10 Mar 2022
Rapid 3D image acquisition technique, without moving observation plane, developed by Tohoku and Osaka universities.
The new approach, developed by researchers from Tohoku University and Osaka University, both Japan, can rapidly take 3D images without moving the observation plane – something that is necessary in conventional laser scanning microscopes.
The work is reported in Biomedical Optics Express.
Light microscopy is ubiquitous and vital for various fields including life science and medical diagnosis. As many biological cells or tissues are structurally complex, 3D observation is crucial. Laser scanning microscopy is a representative and well-established approach that enables 3D observation by scanning a focal spot on the sample.
One major challenge is that it is a time-consuming procedure because it involves repeated 2D image acquisition that requires changing the observation plane.
The researchers used a laser spot elongated along the axial direction, referred to as “light needle”, as illumination in laser scanning microscopy. In general, the use of such a light needle is a common approach that produces deep-focus images capturing the extended depth range of specimens without blurring. However, this approach only provides a 2D image, which does not include any depth information of a specimen.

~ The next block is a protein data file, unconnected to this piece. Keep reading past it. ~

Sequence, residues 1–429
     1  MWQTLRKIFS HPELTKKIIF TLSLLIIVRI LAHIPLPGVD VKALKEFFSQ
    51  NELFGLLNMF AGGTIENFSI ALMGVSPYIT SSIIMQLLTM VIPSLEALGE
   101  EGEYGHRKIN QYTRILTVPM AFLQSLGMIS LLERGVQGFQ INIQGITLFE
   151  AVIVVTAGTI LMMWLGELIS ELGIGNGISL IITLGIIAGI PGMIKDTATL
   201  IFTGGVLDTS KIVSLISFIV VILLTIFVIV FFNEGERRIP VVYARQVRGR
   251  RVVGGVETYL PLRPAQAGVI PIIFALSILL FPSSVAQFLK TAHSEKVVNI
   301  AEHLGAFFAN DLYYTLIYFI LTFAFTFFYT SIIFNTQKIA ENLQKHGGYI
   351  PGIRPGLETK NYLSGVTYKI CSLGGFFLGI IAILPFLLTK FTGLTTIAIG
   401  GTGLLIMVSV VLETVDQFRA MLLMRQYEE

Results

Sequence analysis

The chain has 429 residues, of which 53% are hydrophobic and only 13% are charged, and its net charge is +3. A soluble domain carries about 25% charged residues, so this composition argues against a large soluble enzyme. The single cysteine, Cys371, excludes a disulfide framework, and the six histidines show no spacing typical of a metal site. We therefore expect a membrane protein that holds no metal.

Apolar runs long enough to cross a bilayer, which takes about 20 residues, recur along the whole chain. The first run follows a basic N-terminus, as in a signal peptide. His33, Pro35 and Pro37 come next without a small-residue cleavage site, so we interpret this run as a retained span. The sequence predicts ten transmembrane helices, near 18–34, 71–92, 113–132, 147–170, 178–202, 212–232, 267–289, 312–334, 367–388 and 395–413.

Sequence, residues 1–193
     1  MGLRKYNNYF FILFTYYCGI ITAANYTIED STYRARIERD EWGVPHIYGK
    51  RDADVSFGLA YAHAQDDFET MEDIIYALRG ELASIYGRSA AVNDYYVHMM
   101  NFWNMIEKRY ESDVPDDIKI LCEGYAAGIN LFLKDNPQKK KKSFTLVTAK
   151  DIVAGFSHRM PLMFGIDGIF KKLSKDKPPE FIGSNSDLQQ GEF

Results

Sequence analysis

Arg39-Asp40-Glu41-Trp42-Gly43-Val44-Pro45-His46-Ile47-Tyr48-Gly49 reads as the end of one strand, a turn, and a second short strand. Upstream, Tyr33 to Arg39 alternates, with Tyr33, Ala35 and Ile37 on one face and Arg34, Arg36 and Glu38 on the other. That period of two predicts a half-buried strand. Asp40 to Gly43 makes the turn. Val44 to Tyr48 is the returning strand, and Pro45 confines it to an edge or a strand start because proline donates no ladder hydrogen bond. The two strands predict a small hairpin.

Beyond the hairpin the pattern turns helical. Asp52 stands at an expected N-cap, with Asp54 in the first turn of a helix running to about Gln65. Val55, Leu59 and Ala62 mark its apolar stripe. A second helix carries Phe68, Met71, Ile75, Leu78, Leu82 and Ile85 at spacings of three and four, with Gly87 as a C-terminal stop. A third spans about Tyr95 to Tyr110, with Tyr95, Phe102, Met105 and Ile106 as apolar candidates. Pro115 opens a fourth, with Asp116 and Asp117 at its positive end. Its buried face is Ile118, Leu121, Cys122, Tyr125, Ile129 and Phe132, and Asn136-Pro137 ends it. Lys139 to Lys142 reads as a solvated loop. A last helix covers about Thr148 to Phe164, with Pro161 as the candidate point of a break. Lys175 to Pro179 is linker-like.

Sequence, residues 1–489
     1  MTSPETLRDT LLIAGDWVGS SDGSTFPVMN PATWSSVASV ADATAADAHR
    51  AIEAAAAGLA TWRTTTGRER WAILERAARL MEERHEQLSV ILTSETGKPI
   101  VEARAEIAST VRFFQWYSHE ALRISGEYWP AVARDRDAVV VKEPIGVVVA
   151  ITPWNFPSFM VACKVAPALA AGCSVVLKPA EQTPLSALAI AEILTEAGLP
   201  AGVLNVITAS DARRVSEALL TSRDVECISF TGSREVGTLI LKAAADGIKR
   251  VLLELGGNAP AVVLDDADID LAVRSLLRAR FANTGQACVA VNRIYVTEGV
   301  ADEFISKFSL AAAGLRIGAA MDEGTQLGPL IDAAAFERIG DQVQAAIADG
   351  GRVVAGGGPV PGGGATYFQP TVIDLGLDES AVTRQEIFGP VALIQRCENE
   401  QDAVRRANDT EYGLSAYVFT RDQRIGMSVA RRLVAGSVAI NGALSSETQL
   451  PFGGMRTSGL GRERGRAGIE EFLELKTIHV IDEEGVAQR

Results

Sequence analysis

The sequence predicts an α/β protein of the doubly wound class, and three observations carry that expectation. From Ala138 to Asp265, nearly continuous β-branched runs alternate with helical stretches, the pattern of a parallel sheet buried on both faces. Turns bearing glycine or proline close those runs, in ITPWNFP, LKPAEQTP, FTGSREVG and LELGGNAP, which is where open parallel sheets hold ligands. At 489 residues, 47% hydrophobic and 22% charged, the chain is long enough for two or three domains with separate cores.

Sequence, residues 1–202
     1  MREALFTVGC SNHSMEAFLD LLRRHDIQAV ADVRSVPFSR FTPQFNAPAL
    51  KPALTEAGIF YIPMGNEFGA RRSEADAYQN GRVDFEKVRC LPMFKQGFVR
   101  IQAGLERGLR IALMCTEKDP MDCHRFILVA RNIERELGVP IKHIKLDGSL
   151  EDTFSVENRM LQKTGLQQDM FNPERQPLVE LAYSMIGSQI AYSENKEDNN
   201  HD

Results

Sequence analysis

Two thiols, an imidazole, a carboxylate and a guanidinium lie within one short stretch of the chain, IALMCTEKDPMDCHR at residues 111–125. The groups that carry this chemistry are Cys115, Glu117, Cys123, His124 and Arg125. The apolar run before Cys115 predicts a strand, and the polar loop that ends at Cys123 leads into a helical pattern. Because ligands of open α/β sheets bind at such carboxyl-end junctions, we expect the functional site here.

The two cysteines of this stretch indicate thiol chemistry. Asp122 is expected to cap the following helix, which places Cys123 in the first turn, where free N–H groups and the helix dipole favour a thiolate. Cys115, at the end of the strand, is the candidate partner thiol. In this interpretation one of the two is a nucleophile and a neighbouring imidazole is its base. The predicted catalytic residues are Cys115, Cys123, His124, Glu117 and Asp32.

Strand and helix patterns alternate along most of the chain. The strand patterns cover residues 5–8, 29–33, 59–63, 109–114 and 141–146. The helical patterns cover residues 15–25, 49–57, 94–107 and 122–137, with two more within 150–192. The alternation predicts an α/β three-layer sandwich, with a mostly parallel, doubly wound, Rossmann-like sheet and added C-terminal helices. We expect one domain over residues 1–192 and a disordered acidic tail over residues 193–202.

The solution proposed by the researchers was manipulating fluorescence signals emitted from specimens through a technique based on computer-generated holography (CGH). They devised a hologram to be applied to fluorescence emitted from different depth positions inside the sample.
Using this principle, the researchers developed a microscope system equipped with a spatial light modulator, a computer-controlled apparatus to project the CGH. The developed microscope system constructed a 3D image from a single 2D scanning of a light needle for the depth range of 20µm.
The system has recorded 3D movies of the dynamic motion of micron-sized beads suspended in water, something rarely achieved by existing laser scanning microscopes, says the team. The researchers also demonstrated the prompt 3D image acquisition for thick biological samples with a speed more than 10 times as fast as the conventional technique.
The team concludes that their proposed technique will notably speed up image acquisition in various research and industrial fields, where the 3D image observation and evaluation are essential. The researchers are now planning to further extend the applicability of the proposed method to downsized systems, targeting its use in practical applications.